When something is presented as being for the children, it is because this is an attempt to get around logical debate and appeal to emotion. There are places where the people have little, or no, protection from their government.

China.

North Korea.

Cuba.

China may need to give up some of that control. Why? The benefits of a market that is open to countries with more freedom. The inability to suppress information. The desire, of so many of their citizens, for freedom. Maybe we should have an exchange program with China.

Send us your citizens, who are yearning to be free. We will send you our citizens, who are yearning to avoid risk.

Win and Win.

We are a nation of immigrants that has given up and decided to play it safe. We are trying to trade off our liberty for the illusion of safety. We do not deserve that liberty. We need to bring in people who do – the Chinese, the North Koreans, the Cubans, and others. What do we lose by sending them our people – people who do not understand what they have?

We are having a mid-life crisis. Rather than trying to recapture freedoms, we have given up. We want to crawl back into the womb and hide. What if somebody hurts my feelings with mean words. What if somebody hurts my child? What if somebody hurts me? That is the price of being an adult. That is the price of living in the real world.

There are plenty of people, who will tell us they can protect our feelings.

Liars.

There are plenty of people, who will tell us they can protect our children.

Liars.

There are plenty of people, who will tell us they can protect us from the big bad terrorists.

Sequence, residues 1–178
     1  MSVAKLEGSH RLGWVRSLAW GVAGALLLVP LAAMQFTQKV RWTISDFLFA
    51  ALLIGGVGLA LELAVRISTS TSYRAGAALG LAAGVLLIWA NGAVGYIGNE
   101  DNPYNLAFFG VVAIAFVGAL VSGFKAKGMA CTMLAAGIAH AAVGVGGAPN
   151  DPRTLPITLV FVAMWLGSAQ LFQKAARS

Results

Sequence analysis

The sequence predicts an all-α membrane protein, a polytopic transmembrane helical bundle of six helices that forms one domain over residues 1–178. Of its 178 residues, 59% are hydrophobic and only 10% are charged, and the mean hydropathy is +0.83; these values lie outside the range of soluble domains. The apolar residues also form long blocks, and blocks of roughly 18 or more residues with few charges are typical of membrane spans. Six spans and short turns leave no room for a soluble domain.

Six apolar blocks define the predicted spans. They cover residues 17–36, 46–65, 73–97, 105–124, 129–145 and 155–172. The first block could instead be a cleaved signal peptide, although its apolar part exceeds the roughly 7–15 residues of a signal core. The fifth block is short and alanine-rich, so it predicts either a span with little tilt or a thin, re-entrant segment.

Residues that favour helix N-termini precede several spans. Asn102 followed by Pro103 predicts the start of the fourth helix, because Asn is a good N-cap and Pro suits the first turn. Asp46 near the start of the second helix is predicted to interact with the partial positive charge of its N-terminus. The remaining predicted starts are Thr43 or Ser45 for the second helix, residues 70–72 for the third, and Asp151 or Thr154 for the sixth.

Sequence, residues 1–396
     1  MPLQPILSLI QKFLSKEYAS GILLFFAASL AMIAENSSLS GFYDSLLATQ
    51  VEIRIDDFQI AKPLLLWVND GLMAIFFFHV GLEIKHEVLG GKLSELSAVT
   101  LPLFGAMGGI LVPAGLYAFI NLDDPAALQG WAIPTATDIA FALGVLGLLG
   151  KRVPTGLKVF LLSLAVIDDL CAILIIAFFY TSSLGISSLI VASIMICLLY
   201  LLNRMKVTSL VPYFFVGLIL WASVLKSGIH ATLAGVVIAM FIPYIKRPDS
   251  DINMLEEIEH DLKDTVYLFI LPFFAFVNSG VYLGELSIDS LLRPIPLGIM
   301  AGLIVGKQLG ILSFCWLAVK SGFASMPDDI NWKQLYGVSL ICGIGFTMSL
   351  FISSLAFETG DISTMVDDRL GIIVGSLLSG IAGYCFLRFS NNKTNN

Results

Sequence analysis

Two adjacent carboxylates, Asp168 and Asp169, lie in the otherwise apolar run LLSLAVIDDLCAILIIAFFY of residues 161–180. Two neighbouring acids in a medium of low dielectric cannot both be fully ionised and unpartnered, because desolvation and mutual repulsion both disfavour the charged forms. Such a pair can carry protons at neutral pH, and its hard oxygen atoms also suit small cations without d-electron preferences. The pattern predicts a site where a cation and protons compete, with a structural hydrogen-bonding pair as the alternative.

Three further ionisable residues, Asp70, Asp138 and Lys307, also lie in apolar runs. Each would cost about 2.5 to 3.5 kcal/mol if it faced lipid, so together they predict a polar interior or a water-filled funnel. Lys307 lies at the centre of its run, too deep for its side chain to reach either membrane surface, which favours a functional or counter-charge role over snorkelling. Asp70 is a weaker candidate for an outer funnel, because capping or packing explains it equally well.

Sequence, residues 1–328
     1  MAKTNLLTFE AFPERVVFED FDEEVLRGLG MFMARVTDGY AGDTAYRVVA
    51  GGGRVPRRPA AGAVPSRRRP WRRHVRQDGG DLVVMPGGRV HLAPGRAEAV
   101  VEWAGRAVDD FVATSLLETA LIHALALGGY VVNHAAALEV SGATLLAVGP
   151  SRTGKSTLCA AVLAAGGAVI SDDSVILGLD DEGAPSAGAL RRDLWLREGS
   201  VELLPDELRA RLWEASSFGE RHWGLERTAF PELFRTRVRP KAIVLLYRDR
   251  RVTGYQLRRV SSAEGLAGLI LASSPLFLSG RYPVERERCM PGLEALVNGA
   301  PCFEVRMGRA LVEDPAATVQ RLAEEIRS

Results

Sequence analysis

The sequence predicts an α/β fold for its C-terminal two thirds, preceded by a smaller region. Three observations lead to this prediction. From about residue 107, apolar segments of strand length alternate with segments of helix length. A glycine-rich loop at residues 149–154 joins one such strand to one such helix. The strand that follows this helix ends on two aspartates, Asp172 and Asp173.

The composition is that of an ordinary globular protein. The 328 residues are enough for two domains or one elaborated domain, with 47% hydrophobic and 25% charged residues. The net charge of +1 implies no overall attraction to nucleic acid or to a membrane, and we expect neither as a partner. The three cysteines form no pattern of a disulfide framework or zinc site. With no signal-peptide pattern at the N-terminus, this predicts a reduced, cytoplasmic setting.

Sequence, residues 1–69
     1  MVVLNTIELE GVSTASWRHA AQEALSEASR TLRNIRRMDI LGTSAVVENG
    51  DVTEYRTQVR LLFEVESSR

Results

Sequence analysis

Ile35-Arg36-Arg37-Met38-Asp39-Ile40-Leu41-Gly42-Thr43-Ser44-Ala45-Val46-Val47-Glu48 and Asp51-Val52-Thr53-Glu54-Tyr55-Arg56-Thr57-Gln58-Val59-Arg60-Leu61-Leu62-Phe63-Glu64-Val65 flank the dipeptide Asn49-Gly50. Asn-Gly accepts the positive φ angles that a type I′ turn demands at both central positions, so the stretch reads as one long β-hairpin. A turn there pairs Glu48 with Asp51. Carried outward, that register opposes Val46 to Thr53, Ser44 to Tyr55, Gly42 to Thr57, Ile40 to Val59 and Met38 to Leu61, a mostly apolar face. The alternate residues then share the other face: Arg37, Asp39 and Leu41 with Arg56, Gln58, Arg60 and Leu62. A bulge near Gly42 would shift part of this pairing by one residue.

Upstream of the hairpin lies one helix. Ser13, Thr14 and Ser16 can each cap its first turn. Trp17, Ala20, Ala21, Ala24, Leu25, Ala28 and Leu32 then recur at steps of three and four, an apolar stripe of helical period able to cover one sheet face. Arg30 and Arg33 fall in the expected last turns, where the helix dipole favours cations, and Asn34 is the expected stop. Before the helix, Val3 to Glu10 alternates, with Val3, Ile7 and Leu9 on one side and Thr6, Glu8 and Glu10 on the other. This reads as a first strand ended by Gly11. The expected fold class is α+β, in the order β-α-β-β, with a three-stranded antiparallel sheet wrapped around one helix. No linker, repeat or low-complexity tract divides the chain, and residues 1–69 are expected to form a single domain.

Liars.

Maybe we should educate our citizens. Most of these citizens are just citizens because of the accident of being in the US when they took their first breath. Maybe we should educate our citizens about what others gave up for their freedoms.

Visit some war memorials. Read of the mistreatment that led people to move here. Read of the mistreatment that led people to fight for freedom. Freedom can just as easily be lost. Too many people sacrificed everything they had for us to barter away freedoms for a little temporary safety.

Freedom isn’t easy.

Footnotes:

^ 1 Common Sense
by Thomas Paine, initially published anonymously
Links include the postscript, which is dated 2/14/1776, only just more than a month from the first printing.
Full Text, in several formats, from Gutenberg
Maybe you don’t want to read this, but would prefer to listen to someone else reading.
Full Text Audio, in several formats, from Librivox

^ 2 Constitution for the United States of America
Article. III.
Full Text

^ 3 Corruption Of Blood
The ‘Lectric Law Library’s Lexicon
Definition

.